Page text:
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Pacific News Minute: Japan Resumes Commercial Whaling For The First Time In 33 Years

japan_whaling.jpg
Australian Customs and Border Protection Service
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CC-BY-SA-3.0 / Wikimedia Commons

Amid ceremony and fanfare, commercial whaling ships left Japanese ports yesterday for the first time in 33 years.

In 1986, with whales on the edge of extinction, members of the International Whaling Commission agreed to a moratorium  and, despite increased stress from climate change, many species have recovered. Last September, Japan petitioned to resume a limited commercial hunt, but lost the vote, 41-27. Putting national interest above international obligations, Japan withdrew from the treaty. The required six months notice expired at the end of June.

Of course, Japan never really stopped whaling. The IWC allows exemptions – indigenous peoples can continue subsistence whaling and there was what turned out to be a large loophole that permitted hunts for research. In the name of science, Japanese vessels killed hundreds of whales every year - 333 last year - and most of the meat ended up for sale as food.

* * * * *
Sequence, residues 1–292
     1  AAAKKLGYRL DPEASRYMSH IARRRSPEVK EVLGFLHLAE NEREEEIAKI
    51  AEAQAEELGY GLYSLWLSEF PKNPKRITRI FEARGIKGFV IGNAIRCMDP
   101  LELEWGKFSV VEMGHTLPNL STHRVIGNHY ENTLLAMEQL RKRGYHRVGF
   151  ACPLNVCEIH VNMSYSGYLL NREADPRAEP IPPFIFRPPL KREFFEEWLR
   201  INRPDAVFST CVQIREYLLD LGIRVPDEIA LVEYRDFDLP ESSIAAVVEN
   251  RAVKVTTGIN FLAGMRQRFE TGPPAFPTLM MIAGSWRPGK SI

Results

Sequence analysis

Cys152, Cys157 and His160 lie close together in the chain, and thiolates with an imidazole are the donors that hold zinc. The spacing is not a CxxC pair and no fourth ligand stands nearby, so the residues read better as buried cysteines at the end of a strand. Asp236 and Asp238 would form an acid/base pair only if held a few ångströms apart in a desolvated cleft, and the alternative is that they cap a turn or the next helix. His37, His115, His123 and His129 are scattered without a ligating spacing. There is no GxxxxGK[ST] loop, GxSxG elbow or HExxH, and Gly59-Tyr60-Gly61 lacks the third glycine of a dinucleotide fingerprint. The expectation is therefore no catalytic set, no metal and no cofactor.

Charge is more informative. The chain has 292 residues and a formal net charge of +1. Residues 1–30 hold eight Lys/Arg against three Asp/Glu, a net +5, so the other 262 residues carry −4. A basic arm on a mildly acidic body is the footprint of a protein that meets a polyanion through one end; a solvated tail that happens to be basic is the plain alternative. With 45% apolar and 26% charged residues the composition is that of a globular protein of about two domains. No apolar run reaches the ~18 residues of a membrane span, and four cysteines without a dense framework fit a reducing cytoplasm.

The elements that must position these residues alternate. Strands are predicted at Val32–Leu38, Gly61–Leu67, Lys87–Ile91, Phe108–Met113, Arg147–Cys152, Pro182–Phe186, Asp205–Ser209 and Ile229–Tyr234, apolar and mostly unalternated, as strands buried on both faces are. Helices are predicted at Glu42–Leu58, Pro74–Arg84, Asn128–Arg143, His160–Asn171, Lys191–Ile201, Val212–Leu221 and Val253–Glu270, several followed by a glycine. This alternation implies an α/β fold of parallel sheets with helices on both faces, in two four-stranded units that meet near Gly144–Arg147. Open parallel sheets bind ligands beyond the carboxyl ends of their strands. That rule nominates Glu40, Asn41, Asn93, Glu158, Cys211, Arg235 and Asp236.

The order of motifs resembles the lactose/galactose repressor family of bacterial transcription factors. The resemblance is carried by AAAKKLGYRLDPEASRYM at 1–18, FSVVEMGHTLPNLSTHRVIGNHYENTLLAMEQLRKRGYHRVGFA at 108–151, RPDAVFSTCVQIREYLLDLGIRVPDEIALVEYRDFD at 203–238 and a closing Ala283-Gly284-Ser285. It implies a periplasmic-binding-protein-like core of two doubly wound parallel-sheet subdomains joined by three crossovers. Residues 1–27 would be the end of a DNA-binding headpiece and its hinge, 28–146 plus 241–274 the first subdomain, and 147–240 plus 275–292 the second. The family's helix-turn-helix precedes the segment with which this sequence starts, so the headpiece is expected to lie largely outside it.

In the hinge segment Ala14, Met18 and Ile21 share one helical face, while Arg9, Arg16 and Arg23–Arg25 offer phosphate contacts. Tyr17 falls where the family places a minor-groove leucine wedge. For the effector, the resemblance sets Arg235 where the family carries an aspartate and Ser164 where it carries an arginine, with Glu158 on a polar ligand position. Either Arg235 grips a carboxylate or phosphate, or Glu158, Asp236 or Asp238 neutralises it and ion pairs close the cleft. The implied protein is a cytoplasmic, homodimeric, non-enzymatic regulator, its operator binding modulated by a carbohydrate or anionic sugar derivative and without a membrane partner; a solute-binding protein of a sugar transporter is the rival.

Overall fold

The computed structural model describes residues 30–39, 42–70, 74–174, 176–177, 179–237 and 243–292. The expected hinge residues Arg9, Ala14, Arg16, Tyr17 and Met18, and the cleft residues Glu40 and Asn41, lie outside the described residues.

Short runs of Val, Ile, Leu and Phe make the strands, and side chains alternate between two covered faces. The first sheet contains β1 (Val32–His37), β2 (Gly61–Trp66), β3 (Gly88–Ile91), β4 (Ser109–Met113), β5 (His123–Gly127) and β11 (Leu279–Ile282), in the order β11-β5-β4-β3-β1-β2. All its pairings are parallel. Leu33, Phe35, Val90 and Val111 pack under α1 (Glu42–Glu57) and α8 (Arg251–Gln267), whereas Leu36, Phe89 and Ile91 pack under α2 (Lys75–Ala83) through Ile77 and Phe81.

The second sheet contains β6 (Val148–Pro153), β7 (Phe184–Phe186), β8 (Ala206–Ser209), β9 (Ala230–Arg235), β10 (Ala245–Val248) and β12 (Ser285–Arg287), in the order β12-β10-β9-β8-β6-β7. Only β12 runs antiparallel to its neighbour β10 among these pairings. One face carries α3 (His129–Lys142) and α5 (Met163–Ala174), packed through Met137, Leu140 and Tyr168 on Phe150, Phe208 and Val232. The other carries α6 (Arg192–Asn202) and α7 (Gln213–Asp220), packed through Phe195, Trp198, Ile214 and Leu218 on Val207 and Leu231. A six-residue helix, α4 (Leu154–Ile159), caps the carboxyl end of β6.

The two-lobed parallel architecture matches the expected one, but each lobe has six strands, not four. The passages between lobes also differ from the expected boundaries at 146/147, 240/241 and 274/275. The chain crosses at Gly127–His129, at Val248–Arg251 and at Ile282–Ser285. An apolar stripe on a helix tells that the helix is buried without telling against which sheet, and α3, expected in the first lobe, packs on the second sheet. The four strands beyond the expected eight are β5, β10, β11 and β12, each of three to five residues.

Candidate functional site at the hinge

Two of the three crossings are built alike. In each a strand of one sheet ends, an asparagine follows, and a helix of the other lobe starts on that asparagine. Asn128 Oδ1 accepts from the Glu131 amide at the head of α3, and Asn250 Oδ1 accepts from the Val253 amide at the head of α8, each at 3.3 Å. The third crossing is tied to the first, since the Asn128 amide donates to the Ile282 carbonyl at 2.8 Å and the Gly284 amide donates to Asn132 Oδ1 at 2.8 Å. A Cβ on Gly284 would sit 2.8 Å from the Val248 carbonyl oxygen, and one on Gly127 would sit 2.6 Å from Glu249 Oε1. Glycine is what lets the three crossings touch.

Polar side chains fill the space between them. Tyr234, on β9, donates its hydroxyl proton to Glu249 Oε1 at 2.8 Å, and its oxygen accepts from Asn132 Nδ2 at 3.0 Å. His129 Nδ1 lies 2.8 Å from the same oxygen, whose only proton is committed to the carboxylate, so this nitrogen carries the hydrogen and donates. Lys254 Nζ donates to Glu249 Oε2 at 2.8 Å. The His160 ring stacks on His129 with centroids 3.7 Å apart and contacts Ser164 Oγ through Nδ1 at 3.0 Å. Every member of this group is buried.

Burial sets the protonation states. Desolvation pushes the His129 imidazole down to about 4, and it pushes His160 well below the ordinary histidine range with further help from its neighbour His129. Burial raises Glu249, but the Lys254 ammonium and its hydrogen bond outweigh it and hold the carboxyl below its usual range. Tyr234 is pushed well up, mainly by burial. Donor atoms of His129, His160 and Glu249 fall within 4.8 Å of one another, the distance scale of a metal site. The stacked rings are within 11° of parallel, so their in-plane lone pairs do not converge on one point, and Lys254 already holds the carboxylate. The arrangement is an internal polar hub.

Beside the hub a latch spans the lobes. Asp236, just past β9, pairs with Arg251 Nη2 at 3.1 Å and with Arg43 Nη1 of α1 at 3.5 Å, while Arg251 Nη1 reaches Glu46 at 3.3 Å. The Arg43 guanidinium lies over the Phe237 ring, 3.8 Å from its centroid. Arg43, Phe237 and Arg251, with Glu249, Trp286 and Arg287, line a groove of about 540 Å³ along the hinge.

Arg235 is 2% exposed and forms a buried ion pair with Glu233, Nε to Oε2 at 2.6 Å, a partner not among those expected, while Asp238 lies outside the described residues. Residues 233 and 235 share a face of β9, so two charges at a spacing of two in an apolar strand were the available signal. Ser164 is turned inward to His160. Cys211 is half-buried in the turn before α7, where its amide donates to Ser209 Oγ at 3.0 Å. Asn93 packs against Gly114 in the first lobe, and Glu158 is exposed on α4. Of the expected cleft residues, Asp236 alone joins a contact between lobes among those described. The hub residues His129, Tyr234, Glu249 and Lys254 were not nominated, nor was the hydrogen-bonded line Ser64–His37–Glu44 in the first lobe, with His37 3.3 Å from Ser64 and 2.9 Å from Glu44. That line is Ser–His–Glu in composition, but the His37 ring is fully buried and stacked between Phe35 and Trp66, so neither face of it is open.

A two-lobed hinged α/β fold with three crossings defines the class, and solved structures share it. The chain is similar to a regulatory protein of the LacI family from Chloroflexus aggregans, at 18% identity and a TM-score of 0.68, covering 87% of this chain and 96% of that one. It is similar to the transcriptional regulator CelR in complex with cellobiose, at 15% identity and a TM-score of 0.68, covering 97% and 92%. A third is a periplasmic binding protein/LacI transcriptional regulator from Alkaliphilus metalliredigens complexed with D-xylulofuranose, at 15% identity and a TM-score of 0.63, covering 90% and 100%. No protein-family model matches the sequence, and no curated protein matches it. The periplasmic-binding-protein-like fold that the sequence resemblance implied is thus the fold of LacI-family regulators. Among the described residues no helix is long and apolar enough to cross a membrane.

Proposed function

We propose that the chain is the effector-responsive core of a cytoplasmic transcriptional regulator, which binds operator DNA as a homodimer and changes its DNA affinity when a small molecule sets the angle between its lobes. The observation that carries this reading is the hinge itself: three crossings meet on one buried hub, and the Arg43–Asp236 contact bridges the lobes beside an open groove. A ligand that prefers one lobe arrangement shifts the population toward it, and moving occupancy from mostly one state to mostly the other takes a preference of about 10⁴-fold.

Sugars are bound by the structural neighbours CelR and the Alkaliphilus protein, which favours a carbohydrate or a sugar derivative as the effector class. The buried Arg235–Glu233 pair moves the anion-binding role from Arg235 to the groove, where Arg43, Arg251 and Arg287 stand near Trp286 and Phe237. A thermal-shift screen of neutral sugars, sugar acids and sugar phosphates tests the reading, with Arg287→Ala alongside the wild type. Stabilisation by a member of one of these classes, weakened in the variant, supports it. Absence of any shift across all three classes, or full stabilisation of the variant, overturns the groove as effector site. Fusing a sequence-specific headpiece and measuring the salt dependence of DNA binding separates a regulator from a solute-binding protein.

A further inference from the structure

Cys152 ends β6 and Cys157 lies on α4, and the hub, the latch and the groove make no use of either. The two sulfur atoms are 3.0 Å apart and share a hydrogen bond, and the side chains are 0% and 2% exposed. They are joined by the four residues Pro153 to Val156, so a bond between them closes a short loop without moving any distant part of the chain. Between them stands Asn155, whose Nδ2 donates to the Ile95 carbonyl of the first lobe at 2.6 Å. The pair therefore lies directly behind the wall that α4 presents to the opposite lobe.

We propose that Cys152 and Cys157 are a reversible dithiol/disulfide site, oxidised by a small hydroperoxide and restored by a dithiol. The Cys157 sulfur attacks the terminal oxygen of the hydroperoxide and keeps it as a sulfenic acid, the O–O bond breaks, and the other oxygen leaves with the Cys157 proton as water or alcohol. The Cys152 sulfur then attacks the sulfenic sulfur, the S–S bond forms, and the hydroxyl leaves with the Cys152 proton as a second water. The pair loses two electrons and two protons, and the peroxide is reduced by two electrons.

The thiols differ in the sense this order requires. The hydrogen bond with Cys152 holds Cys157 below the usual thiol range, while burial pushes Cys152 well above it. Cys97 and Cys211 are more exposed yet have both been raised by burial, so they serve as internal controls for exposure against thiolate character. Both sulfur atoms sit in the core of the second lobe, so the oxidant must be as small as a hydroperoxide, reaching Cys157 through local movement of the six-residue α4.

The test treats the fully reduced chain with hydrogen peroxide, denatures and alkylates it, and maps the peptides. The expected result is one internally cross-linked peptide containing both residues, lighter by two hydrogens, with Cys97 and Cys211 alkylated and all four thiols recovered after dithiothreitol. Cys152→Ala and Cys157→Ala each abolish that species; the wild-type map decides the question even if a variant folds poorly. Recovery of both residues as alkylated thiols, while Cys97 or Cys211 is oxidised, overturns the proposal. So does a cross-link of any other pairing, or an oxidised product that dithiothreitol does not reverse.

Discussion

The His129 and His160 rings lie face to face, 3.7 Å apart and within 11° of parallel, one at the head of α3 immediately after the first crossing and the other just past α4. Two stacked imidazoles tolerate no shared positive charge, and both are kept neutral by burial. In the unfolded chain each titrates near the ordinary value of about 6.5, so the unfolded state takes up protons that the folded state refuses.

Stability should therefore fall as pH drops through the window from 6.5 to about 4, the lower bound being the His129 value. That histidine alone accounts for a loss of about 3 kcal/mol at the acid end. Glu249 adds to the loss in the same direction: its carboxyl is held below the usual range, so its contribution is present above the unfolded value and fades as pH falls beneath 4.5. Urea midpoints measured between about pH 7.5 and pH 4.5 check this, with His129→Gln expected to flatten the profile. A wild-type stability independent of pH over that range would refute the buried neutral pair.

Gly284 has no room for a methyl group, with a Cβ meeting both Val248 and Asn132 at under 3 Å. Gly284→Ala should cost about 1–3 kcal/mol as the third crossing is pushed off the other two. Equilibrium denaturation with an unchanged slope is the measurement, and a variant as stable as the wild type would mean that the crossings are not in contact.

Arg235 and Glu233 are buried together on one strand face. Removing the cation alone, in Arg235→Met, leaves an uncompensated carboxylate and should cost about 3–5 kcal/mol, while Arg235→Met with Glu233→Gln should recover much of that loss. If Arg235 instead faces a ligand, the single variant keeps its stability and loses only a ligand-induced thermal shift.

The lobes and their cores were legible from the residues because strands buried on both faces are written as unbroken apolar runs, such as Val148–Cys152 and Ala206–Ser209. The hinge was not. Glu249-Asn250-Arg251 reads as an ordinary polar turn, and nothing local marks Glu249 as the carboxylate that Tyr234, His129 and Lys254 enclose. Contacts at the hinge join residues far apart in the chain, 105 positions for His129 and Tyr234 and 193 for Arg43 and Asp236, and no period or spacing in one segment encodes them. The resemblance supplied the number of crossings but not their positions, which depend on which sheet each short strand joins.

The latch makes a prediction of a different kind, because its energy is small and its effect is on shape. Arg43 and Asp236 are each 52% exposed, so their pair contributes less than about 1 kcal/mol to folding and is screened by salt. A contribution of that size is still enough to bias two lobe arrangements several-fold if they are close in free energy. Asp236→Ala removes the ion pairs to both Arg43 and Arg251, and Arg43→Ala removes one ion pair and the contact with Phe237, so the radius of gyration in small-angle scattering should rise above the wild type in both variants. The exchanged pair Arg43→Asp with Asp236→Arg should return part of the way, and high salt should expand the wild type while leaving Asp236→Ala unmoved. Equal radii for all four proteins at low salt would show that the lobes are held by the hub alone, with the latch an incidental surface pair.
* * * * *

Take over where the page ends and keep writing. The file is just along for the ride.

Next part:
Those hunts were conducted in the Southern Ocean, drawing bitter criticism from Australia and regularly harassed by boats from Greenpeace and Sea Shepard. The commercial hunt will take place inside Japan’s exclusive economic zone, which extends 200 nautical miles offshore. The hunt will target Minke, Bryde’s and Sei whales.

Sei whales are still listed as an endangered species.

Japan’s taste for whale meat has steadily dwindled and it now makes up just a tiny fraction of the nations diet. Only about 300 people are directly employed in whaling, but many conservatives argue that the hunt must continue, as a matter of national pride.

Over 36 years with National Public Radio, Neal Conan worked as a correspondent based in New York, Washington, and London; covered wars in the Middle East and Northern Ireland; Olympic Games in Lake Placid and Sarajevo; and a presidential impeachment. He served, at various times, as editor, producer, and executive producer of All Things Considered and may be best known as the long-time host of Talk of the Nation. Now a macadamia nut farmer on Hawaiʻi Island, his "Pacific News Minute" can be heard on HPR Tuesdays, Wednesdays, and Thursdays.
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